I contacted my professional hero several years ago. She was a university professor who filmed award-winning documentaries with her husband. She was flattered when I asked to learn more about her career and decisions that led to where she is today. All of us benefit from dialogue – especially if those conversations invite us into authentic discussions about our passions.

Similarly, I meet with many individuals and speak to groups who are ready to make big changes in their lives, but don’t know where to start. Their questions encouraged me to develop and deliver workshops, design resources, and create materials, including blog posts (such as How to Write SMART Personal Goals), articles, and books, for those who wanted to want to create attainable goals and pursue their passions.  My goal-setting book, Dreams to Action Trailblazer’s Guide, helps others create personal goals and provides direction. The creation of this book was the direct result of my own search for helpful goal-setting tools when I needed them in my own life. 

5.  Seek Inspiration from College Course Catalogs

University catalogs are packed with course offerings with rich descriptions. Pay attention to words and phrases that ignite your interests. Zive asks, “What would you study if you could do it all over again?” As you consider different career course options, be open to inspiration that stimulates your interests and opens doors to new opportunities.

6.  Do Something. Begin Today.

Scroll through employment opportunities on job posting sites such as CareerBuilder.com and Indeed.com. Talk to a career counselor. Engage in conversations with others via LinkedIn and social media career discussion boards.

Learn career search tips from strong experts (Check out How to Land Your Dream Job by Dave Ramsey and 007 Job Tips by Susan Wright-Boucher). Brad Schepp explains how to build a strong profile in 7 Tips for Landing a Job Using Social Media.

Contact a job counseling expert at a college career services office or state employment office. These services offer outstanding guidance and free resources to help you prepare for your next career move.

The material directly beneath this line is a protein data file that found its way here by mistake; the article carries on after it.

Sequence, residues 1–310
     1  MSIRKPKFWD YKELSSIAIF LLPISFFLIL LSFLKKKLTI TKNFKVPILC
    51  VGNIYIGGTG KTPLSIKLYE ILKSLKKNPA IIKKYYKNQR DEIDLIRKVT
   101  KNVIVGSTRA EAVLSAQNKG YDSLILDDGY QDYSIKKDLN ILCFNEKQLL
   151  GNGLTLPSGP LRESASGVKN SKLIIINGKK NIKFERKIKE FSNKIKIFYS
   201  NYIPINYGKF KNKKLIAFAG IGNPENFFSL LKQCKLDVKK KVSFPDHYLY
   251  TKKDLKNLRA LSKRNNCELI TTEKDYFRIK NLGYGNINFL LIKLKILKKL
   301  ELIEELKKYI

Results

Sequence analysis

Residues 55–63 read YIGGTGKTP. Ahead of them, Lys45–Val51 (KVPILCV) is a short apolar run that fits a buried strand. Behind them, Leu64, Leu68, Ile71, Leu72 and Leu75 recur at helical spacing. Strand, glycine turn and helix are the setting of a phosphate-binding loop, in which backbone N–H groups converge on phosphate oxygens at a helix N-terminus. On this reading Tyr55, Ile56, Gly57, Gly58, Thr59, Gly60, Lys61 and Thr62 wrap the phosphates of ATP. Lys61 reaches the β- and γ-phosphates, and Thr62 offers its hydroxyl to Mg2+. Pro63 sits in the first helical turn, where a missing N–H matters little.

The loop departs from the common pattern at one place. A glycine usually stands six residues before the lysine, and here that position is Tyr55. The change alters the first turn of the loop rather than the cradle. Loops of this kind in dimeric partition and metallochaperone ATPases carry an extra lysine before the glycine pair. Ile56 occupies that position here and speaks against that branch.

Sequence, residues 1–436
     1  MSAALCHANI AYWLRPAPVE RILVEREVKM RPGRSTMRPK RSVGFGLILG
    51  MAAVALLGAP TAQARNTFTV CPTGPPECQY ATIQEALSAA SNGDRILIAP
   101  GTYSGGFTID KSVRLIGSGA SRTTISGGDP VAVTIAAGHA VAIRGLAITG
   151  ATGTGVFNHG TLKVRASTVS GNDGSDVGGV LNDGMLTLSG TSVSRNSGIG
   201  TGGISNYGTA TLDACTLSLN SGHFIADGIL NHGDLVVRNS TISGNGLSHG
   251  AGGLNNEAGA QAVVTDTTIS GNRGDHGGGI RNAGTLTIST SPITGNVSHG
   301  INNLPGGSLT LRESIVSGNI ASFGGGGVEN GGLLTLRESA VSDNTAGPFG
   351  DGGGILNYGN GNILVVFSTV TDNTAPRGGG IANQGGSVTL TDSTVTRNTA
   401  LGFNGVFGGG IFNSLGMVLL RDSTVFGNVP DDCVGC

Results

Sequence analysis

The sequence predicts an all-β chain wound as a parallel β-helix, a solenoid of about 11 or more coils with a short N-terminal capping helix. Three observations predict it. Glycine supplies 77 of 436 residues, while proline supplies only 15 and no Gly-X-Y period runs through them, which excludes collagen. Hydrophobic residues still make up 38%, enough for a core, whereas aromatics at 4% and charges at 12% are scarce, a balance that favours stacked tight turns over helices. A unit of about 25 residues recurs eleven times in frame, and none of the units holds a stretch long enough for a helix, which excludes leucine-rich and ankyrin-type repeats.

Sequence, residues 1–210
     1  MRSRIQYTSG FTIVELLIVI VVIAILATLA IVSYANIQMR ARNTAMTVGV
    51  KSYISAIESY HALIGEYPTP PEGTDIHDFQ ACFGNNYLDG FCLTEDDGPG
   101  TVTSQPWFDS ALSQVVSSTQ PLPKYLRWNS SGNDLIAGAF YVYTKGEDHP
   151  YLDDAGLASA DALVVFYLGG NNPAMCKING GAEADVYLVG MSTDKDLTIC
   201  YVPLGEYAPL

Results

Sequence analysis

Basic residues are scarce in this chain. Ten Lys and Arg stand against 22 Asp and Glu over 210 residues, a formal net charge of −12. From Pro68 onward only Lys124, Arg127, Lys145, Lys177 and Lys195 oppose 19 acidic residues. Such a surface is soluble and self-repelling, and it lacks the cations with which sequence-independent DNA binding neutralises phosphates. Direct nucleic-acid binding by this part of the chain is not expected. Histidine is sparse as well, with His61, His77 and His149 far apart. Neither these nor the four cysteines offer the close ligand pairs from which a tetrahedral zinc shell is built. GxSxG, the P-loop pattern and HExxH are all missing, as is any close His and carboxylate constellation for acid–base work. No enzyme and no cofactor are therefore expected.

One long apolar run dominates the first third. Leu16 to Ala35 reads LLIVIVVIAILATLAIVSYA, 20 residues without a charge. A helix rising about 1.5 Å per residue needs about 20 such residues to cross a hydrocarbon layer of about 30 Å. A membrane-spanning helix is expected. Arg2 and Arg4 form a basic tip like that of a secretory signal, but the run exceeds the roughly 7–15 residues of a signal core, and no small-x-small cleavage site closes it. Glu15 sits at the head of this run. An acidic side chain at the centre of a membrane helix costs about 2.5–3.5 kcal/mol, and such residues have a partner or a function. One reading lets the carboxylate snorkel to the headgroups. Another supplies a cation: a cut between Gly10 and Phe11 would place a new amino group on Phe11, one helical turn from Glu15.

Thinking About a Career Change?“Ultimately, you won’t really know what you love to do unless you actually bite the bullet,” adds Zive. “So, whether you take a small step like signing up for a class or you dive head-first into entrepreneurship, roll up your sleeves and do it. You’ll never know until you try.”

Napoleon Hill said, “Procrastination is the bad habit of putting off until the day after tomorrow what should have been done the day before yesterday.” He insisted, “What the mind believes, it can achieve.”

When you discover your passion and actively use your gifts and talents in ways that set your heart on fire, you will never have to work another day in your life.

What career change would you make if you had the opportunity?   What if the opportunity was now

 

Do you remember what you love to do? Read What’s Your Dream? as you consider your next steps.

Try these 7 Hot Tips to Find Your Dream Job and get clear about your direction.

Suggestions from How to Write SMART Personal Goals will help you clarify your goals.

It’s important to Build Your Support System if you need a network of support through transition.

2 Responses to Thinking About A Career Change?
  1. I really like this suggestion: “What would you do if you had all of the financial resources to pursue your passion?” Working for a paycheck is sometimes necessary, but when I became open to being motivated by something other than $$ it was so eye-opening to see where I gravitated!